What Do the Exam Readers Look For?

The key to doing well on the free-response section is to realize that, first and foremost, these problems test your understanding of physics; next, they test your ability to communicate that understanding. The purpose of the free-response questions is not to see how good your algebra skills are, or how many fancy-sounding technical terms you know, or how many obscure ideas you can regurgitate. You already know from Chapter 1 that the free-response section of the AP Physics 1 Exam is graded by human readers, not a computer. All I’m going to do in this section is give you some important suggestions about how you can best communicate to the reader that you understand the concepts being tested.

All free-response questions are graded by physics teachers who must carefully follow a “rubric” for each question. A rubric is a grading guide—it specifies how points are awarded, including the elements of an answer necessary for both full and partial credit.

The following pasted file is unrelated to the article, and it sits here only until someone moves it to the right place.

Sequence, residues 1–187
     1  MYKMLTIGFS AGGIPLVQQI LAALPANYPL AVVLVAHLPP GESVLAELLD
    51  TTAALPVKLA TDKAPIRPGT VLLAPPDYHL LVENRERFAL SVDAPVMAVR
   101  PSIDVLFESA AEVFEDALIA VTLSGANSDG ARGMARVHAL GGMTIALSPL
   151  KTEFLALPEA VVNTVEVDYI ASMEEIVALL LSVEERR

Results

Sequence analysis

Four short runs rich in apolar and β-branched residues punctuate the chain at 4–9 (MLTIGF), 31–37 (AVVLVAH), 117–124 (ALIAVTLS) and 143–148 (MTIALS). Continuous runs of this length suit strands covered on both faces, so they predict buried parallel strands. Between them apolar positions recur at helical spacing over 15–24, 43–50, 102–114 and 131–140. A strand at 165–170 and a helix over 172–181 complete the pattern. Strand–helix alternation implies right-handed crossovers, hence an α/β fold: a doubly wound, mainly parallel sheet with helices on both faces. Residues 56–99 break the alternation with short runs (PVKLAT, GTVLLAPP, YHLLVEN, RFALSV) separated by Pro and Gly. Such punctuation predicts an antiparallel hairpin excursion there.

You Cannot “Game” the Rubric

It’s tempting to try to find that “One Weird Trick” that will guarantee you an extra point or two on the exam. You and your teacher might look at previous years’ rubrics 2 and think you see a pattern. But I warn you: Tricks don’t work to solve AP Physics 1 problems.

Each rubric is unique. It’s created originally by the author of the test question, revised by the exam development committee, adjusted by table leaders based on actual student responses and feedback from colleagues, and finalized mere hours before the reading begins. The College Board does not have hard and fast rules about how a rubric should be written. Each table leader has wide latitude to adjust the rubric so that it awards credit for good physics, and so it does not award credit for bad physics.